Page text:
I think it’s a straight. So this to you, Dominic, which is more of. You’ll be coming and then the hedonic.

    [56:49]

    So I think happiness there is a level of we talk about happiness as being and we talk about so much that it loses its meaning, but we talk about it as being a feeling and then as a general. As a general thing, so so you’re you’re talking and I agree that it’s more of a side effect. Of of how we’re living. Is that yeah, yeah, yeah. Is anyone else you are discussing in our group, and Peter and Maddy, I think, have had some interesting ideas in particular, but separating happiness, coming from doing particular things which are transient.

    [57:44]

    In a sense, it’s then there and you derive happiness, but that doesn’t mean that you are essentially your essence actually happy. That’s that’s the discussion that we were having. And I don’t think we arrived at the definition that to say the core of being hot, being described as being happy.

    [58:10]

    Versus deriving happiness through and activities that you enjoy then talking about being given service to others, he derives great pleasure from that. And we were using that to to look at that being an essential part of your being. And so that is that’s you. That’s long term. So that’s a different that’s different in the sense that that contributes to your sense of yourself, your sense of who you are and that’s your happiness versus, you know. Oh, yes, I read this book and that made me happy, you know.

    [58:51]

    Yes. An activity that said that gives you a transient thing of well-being.

    [58:58]

    Yeah, yeah. I mean, there was so when I when I was studying psychology was the time when positive psychology was coming out and it was nearly six cents and a jolly good fellow. And he talked about the fleshlight being this perfect state where you lose yourself. So a musician playing music, an athlete in the performance, it’s that way you just lose yourself, Cirilo, and. Yes, there’s that state of it being a side effect of a peak moment.

    [59:42]

    And then there’s Marty Seligman at the same time wrote Authentic Happiness, which was was talking about that. State of sort of self actualization of being yourself. And happiness coming from from that, as I remember. I’m so. If happiness is a side effect of who you’re being. What is love? Is it worth going into breakout rooms to discuss that question? I don’t think so. I mean, you’re going to answer, you know what, I think it would be very rich if we heard each other, because this is interesting.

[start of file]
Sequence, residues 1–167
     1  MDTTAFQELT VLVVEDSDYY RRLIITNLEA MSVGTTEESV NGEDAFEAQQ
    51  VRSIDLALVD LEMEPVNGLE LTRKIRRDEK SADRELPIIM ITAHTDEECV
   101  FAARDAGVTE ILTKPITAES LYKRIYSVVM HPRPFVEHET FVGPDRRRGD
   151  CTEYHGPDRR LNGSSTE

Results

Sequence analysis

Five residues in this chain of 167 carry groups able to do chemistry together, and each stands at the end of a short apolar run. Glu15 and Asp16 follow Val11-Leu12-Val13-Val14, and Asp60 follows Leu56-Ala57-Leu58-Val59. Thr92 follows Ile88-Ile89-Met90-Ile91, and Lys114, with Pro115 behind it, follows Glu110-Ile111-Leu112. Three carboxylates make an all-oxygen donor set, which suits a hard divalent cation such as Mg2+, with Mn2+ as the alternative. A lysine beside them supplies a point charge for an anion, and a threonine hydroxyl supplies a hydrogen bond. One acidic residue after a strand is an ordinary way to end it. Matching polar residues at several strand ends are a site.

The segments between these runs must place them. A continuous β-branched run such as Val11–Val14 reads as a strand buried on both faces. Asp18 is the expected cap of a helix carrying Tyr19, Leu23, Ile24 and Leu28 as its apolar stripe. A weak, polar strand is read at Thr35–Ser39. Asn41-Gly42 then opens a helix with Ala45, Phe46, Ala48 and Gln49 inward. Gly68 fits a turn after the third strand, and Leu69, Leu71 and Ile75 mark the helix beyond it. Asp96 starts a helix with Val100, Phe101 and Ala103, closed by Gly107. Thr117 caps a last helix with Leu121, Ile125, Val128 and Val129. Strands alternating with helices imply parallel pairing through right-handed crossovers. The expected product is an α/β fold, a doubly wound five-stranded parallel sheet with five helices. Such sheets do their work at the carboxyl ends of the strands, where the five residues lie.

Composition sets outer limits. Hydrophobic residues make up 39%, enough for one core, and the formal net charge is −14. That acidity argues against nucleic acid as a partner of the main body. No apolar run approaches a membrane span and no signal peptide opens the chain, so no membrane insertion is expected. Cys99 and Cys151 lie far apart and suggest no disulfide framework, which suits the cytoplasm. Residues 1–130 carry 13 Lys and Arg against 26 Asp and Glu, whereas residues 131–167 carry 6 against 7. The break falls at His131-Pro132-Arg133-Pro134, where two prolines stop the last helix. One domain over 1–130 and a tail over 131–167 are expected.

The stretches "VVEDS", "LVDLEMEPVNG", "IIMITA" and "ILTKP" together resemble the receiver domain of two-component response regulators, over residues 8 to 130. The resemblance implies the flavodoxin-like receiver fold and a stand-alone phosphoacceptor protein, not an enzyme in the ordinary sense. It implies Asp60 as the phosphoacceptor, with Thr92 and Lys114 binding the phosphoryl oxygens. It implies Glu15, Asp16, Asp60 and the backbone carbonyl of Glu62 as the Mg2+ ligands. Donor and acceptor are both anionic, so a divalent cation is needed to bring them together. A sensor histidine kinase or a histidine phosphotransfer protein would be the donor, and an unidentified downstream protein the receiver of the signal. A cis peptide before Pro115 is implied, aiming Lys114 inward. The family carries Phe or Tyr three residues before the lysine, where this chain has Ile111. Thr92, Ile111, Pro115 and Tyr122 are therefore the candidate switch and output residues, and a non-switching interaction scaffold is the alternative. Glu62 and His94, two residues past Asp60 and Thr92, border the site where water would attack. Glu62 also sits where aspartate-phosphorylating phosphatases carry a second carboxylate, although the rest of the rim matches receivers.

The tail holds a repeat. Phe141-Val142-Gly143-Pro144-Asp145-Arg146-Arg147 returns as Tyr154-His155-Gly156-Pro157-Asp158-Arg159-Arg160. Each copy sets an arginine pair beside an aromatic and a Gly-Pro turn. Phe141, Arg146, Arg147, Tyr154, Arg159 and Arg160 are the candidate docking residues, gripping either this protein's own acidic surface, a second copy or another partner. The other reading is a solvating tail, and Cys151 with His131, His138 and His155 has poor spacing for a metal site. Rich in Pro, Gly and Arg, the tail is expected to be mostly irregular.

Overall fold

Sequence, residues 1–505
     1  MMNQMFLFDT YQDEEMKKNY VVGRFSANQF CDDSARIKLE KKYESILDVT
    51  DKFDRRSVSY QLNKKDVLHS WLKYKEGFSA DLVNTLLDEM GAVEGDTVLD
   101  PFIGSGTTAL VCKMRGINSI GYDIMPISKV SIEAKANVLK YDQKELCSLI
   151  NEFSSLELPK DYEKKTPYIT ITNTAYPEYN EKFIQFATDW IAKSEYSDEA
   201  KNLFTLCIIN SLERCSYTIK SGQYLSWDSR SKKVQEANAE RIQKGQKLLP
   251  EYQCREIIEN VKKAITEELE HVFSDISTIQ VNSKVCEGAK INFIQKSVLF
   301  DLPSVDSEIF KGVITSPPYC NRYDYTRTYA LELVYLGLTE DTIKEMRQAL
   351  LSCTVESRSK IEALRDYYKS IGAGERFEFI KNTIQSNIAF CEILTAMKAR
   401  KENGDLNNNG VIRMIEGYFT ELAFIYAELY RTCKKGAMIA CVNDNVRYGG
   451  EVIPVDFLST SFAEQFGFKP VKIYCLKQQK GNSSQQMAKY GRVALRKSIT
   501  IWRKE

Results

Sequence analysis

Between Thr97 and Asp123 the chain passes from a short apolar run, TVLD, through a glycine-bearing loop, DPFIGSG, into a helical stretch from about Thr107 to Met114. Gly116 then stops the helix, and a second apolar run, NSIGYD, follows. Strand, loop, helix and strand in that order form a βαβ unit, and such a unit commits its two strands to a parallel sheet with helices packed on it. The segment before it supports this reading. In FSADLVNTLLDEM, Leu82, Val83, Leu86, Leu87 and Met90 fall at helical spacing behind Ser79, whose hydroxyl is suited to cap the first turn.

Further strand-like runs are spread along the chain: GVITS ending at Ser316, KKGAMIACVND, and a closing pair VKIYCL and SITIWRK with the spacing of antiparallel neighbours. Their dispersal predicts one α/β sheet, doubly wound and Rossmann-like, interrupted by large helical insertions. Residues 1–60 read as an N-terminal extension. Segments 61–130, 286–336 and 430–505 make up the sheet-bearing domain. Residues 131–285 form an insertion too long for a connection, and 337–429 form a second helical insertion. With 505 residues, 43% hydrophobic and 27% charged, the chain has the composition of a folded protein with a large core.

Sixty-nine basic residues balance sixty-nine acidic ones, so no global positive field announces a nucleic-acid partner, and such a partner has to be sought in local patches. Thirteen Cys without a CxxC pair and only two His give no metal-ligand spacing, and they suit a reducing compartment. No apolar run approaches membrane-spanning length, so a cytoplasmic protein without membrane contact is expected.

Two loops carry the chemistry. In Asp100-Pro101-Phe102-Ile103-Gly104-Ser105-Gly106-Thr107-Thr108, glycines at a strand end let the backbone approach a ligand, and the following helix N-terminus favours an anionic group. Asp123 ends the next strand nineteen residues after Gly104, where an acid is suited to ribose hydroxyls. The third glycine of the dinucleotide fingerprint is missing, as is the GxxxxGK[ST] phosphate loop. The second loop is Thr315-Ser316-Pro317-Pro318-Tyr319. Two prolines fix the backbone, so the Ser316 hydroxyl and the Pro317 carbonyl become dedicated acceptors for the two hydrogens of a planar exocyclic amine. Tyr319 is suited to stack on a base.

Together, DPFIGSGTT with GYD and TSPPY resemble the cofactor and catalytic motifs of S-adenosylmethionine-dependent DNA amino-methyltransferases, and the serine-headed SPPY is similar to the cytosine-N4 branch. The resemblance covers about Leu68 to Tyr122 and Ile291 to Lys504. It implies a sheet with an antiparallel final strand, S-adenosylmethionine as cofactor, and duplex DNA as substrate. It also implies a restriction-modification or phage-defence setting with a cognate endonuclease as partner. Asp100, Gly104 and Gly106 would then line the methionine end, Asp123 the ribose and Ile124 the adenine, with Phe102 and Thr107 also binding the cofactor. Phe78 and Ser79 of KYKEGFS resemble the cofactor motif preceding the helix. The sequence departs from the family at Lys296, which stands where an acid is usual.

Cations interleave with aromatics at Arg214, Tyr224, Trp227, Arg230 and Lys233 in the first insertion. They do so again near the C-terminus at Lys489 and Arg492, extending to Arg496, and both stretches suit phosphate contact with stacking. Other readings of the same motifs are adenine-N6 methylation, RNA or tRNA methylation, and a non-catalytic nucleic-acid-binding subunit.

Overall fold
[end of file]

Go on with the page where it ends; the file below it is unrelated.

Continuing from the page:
[01:00:56]

    What can I add something about happiness? And I think. Disappeared. He disappeared. Yes. He says I followed you automatically.

    [01:01:11]

    OK, well, anyway, I just wanted to say that congrats finding, which is kind of what you’re saying about flow.

    [01:01:20]

    It’s sort of. Concurrence. And by that, I mean when you’re in a cell is is being seen as being it is matched with the with the external with what is happening with around you. So if, for example, I was supply teaching for a long more many years ago and. I was very unhappy and I couldn’t find happiness, and therefore there was a sense of incongruence. Because I couldn’t find. I guess the inner peace will prevail, whatever.

    [01:02:02]

    There’s something in me that wasn’t being matched out with what I had to do with my job involves. So I think when I left teaching, I was able to find another job in another environment, another situation, I found Congonhas somehow that my external world matched minor I in a sense. And that goes with determining who you are and when your world matches. You know, you’re in a you’re in a sort of sense of who you are and you have concurrence.

    [01:02:40]

    Makes sense. Yeah. It does, yeah, it says authenticity. It’s like the social self matches with the inner self. It’s not gap between. It’s not easy to find I mean, it takes a while, is it? You know, depending on what your baseline is in life, I think is is hard to find that. And I think it’s a learning. I think it’s a learning journey. I don’t think you ever find you know, you’ll never.

    [01:03:13]